For many people, spring is a great time to look at one’s financial picture. After the spending frenzy of the holiday season and smack in the middle of tax season — a good old fashion self-audit can be a wake-up call that something needs to change. 

Nicole Gopoian Wirick, founder and president of Prosperity Wealth Strategies, a registered investment adviser in Birmingham, Michigan, says it’s critical to create intentional time to sit down, think about where you are financially and then set some goals for how you can achieve them. 

“And then adjust your finances accordingly,” Wirick said. 

Here are three things you can do today, with or without the help of a financial professional, to “spring clean” your finances.

1. Know your foundation. 

Now is the time to identify your assets and your liabilities, according to Wirick. What do you own and how much is it worth? And what do you owe and how much? The number that remains is your balance sheet — your net worth. And if you can go back a few years, you can determine if it is increasing or decreasing — and why. If you bought a house, lost a job or inherited money, it can affect your net worth. 

“These are the building blocks of your financial future,” Wirick said. “You can use a free online tool to do this or you can write it all down on a piece of paper. It can be simple — it isn’t complicated.” 

This needs to be done annually, so set a calendar reminder in your phone and make a plan to do it at the same time each year. 

2. Evaluate Cash Flow

Once you know your net worth, the next step is to evaluate your cash flow. With online banking, this is easy. Determine how much money comes into your account each month and how much leaves it. If you are in your working years, or your accumulation phase of life, you need to be spending less than you make and saving all you can.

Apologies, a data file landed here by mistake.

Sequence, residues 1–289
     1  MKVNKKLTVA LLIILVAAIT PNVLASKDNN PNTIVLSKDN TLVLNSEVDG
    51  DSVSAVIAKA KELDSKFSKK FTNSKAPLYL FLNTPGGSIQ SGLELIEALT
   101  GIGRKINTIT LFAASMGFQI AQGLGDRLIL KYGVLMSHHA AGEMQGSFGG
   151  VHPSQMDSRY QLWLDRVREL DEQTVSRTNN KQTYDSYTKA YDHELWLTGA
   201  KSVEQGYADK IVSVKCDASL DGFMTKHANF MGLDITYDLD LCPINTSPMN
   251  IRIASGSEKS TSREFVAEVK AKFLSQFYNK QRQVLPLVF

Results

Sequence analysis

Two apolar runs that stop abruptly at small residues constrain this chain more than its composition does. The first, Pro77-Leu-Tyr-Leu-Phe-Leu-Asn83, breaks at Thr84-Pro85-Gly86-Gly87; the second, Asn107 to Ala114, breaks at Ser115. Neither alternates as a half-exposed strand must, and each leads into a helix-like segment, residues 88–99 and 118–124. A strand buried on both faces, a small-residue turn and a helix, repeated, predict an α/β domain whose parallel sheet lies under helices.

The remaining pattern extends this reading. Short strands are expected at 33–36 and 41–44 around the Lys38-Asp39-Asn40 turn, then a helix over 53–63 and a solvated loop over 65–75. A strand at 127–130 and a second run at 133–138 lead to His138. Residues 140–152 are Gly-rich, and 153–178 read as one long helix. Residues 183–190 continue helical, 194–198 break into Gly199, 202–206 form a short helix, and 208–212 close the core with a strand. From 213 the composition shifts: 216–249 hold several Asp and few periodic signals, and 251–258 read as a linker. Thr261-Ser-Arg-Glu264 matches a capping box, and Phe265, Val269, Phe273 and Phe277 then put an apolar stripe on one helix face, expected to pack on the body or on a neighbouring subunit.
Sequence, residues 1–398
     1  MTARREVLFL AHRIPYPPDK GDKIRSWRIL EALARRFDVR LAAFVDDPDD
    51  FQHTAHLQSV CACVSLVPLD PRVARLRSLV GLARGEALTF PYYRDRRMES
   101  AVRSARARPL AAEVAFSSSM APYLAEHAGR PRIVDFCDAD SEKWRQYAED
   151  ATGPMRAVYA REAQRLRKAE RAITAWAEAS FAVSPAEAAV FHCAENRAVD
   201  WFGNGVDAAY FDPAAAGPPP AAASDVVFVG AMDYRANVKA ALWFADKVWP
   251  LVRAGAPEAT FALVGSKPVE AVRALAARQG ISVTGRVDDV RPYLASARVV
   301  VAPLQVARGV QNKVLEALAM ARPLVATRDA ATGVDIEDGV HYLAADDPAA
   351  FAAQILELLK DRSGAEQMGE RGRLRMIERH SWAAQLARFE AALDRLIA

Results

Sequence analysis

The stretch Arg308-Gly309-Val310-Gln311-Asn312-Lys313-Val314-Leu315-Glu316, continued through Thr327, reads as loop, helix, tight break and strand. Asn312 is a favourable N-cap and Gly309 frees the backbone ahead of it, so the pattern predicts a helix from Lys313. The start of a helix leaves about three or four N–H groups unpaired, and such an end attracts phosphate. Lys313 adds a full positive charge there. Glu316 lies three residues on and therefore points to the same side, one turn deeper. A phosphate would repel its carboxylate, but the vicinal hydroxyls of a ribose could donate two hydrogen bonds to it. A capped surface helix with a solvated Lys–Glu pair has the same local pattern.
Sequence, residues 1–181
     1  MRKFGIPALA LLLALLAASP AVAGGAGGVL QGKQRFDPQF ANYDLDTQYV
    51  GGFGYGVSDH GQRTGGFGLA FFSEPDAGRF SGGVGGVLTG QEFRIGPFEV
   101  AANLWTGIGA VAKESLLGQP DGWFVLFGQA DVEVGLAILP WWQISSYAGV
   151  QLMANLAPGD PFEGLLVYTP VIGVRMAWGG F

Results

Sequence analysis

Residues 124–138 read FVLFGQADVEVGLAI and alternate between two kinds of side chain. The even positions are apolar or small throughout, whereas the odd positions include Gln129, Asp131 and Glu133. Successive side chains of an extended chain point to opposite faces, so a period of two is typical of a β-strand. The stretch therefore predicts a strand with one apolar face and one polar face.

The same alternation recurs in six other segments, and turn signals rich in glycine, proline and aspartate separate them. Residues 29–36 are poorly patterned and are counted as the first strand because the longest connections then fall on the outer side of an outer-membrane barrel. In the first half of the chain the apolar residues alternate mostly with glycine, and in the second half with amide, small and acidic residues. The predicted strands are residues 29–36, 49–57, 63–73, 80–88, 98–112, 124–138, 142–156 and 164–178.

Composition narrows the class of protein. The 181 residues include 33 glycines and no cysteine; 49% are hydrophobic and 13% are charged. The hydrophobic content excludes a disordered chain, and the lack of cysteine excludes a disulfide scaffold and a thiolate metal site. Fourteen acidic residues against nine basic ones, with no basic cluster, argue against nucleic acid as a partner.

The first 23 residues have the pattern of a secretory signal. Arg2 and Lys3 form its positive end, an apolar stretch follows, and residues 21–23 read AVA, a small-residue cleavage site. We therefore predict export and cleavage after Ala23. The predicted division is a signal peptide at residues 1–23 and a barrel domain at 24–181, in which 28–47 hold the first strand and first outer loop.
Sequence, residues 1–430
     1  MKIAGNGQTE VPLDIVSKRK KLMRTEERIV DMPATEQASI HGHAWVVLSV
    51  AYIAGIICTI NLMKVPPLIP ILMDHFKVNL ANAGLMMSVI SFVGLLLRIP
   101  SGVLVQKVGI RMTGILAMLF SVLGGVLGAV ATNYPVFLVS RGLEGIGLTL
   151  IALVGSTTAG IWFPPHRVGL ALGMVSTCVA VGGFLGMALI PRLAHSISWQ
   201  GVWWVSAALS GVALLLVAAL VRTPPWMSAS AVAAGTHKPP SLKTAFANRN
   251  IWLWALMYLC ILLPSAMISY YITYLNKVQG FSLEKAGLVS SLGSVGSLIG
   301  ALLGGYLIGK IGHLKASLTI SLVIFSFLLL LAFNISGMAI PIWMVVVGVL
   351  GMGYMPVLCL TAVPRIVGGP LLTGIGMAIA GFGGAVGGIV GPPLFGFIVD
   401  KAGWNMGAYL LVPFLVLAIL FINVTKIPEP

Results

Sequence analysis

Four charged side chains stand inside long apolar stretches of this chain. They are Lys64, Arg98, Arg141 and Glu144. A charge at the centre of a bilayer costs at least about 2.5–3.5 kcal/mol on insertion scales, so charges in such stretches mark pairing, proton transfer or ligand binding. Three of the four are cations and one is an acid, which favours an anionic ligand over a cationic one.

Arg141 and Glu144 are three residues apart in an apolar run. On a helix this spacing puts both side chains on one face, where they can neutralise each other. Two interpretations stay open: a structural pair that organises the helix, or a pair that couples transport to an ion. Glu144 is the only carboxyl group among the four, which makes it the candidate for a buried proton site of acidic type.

Setting spending and saving targets is critical and if you are struggling with this, Wirick said, a financial professional is a great option: “Thinking about your finances might not be your favorite thing to do, but it is absolutely something you need to do regularly. You should know if you are saving the right amount.”

3. Pay Yourself

Now it’s time to pay yourself. What does this mean? Wirick said it is generally making sure you have an adequate emergency/opportunity fund and that you also have a plan to save for specific needs and wants. An emergency or opportunities fund should be 6–12 months of your salary for a single person, or 3–6 months for a couple. This cash should be socked away in a separate account that doesn’t have a debit card attached to it, and it should come automatically out of your monthly income. Wirick calls this paying yourself first — and says most people do not do this. Also, having a separate “sinking” fund for specific needs like a big vacation or a home renovation is a good idea, so you can save a little each month until you reach your goal. 

“Treat saving like you would any other bill, your rent, your car loan,” Wirick said. “Make it an automatic debit that goes into a special account. Do NOT pay anything out of it. An automated approach can be really helpful in this case.”

Not everyone is financially inclined, but an aversion to money management is no excuse to ignore your expenses. The fact is, life happens and using your money to insulate you from risks — while saving for long-term rewards — is something everyone should do. 

“As life changes, money changes,” she said. “And as money changes, life changes. It’s important to stay on top of those changes.”

More In Business
Load More